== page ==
Iran has exported shorter-range missiles to its proxies in the region. Iranian 107-mm. rockets have been sent to proxies in Iraq to be fired at US troops, and they have been seized in the past en route to Hezbollah.
Iran sent ballistic missiles to its proxies in Iraq in 2018 and 2019, according to reports. It has moved missiles and kamikaze drones and technology to Yemen’s Houthi rebels. They have used these to strike deep into Saudi Arabia at ranges of almost 1,000 km.
Iran used cruise missiles and drones to attack Abqaiq, Saudi Arabia, in September 2019. It used its Fateh-110 missiles to strike Kurds in Koya in 2018. Last year, it used its Qiam ballistic missiles to attack US forces at Ain al-Asad airbase in Iraq after the US killed Islamic Revolutionary Guard Corps Quds Force head Qasem Soleimani.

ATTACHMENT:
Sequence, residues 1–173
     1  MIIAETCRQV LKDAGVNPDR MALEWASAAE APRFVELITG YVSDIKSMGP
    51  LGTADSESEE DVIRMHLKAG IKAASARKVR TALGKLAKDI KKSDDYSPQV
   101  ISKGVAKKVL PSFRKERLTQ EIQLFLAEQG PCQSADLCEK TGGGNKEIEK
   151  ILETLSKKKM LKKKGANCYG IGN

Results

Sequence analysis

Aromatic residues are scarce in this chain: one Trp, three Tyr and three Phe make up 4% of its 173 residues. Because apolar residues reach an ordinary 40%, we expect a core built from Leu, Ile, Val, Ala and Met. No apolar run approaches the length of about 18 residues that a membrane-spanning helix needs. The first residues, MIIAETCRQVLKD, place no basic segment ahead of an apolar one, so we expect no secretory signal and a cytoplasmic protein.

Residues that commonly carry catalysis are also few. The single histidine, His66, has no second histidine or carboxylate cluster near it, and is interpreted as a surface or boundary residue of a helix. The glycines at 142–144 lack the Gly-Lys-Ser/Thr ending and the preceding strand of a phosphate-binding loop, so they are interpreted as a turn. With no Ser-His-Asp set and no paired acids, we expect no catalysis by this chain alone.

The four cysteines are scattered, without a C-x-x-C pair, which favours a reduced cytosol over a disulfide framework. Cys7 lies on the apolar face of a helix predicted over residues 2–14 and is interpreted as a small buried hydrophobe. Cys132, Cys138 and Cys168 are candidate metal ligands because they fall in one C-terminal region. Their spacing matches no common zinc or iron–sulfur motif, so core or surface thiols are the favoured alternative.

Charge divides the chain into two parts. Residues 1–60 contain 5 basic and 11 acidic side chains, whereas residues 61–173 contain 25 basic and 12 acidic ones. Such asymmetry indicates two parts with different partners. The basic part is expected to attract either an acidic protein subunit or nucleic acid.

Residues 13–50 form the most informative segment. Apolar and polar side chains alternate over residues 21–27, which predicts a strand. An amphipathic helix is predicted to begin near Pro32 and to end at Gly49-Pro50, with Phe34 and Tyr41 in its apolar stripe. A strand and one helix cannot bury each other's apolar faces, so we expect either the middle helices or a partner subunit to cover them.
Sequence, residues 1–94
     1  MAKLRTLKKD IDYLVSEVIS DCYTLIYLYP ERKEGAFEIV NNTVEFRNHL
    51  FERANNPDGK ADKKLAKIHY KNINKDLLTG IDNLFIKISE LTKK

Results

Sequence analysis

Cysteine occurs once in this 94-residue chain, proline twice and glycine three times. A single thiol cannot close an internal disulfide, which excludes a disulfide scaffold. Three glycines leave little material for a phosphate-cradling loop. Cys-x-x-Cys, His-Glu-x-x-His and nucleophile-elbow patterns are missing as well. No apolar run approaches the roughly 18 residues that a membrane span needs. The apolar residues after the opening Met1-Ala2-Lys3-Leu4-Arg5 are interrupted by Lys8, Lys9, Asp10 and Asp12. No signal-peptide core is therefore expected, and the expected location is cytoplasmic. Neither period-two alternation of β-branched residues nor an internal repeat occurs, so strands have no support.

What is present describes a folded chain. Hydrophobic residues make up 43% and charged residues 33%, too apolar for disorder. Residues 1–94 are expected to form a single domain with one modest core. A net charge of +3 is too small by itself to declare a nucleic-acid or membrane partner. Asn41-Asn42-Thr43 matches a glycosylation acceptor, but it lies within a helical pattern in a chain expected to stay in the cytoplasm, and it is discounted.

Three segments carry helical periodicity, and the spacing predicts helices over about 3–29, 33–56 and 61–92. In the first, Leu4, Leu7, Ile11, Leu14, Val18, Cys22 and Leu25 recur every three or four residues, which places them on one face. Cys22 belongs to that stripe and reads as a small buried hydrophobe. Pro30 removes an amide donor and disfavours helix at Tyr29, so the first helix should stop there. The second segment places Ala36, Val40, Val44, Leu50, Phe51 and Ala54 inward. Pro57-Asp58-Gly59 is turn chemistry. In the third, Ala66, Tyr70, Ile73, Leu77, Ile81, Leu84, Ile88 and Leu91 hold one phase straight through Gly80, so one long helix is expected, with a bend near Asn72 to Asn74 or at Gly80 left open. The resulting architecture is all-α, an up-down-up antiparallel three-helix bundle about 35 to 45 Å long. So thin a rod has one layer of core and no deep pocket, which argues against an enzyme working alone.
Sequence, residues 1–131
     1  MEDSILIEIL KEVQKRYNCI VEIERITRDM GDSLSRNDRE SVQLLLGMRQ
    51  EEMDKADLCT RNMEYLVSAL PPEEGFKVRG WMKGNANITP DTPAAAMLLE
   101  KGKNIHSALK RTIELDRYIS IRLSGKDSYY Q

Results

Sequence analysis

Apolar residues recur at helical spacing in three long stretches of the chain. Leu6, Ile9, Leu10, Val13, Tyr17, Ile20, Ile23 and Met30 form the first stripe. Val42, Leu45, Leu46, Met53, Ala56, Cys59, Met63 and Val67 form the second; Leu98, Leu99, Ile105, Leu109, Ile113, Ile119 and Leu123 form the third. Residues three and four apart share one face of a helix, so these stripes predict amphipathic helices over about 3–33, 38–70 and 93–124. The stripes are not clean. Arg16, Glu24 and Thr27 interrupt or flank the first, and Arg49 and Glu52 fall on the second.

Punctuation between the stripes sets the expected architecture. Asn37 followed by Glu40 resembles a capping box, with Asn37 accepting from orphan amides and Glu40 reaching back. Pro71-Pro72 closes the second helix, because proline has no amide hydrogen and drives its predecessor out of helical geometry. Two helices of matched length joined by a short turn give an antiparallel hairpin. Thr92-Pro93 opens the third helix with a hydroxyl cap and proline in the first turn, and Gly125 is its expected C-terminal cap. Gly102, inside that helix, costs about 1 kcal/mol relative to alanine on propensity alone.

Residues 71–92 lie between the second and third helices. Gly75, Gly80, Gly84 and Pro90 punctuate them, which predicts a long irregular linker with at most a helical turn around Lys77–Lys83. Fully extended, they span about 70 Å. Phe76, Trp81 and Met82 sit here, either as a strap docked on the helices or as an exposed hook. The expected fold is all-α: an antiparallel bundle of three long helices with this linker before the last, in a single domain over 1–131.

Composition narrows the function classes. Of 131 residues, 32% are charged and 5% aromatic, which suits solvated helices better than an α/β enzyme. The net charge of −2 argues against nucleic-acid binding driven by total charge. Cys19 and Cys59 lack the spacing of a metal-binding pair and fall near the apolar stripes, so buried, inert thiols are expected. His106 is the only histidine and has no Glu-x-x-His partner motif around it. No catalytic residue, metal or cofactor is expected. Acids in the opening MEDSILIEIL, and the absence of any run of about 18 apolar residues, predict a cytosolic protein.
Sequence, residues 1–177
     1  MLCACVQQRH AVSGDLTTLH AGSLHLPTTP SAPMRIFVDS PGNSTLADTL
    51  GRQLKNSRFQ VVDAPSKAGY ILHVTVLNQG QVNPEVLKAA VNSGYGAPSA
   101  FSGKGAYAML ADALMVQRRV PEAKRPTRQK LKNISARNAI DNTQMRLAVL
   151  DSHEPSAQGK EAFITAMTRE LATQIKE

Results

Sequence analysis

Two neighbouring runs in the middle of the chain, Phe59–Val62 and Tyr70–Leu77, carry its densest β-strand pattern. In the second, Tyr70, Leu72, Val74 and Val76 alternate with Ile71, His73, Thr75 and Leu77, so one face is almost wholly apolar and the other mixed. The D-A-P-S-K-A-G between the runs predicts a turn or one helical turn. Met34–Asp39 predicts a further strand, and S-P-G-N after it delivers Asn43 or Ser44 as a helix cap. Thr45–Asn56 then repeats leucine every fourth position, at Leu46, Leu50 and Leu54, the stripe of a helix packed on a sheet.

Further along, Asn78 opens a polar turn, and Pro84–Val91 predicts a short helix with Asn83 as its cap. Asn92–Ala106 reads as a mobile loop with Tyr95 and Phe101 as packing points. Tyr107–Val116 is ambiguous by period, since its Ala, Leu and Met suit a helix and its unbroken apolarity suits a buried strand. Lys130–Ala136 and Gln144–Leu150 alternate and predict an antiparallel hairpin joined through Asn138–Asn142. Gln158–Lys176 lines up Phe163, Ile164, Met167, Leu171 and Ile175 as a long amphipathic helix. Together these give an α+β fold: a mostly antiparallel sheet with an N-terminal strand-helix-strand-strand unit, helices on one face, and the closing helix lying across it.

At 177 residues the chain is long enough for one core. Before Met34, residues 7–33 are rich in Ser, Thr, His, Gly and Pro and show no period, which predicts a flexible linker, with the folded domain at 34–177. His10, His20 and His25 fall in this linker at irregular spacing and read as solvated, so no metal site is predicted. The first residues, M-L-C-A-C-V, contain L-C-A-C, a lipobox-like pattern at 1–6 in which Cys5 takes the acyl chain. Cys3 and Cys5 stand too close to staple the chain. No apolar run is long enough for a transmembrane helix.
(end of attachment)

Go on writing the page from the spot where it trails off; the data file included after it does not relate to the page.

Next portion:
“To inform the public policy debate on the latter matters, the IISS has produced a fact-rich technical assessment of Iran’s current missile and uninhabited aerial vehicle (UAV) capabilities and its proliferation of these technologies to Iran’s regional partners,” the report said, adding that it has drawn exclusively from open sources to document some 20 types of missiles. “For now, all of Iran’s ballistic missiles apparently adhere to a self-imposed range limit of 2,000 km. Iran’s priority is to improve precision, notable in several missile systems.”
The report also looks at Iran’s “missile doctrine.” This is important to understand Iran’s long-term plans to threaten the region with its array of missiles.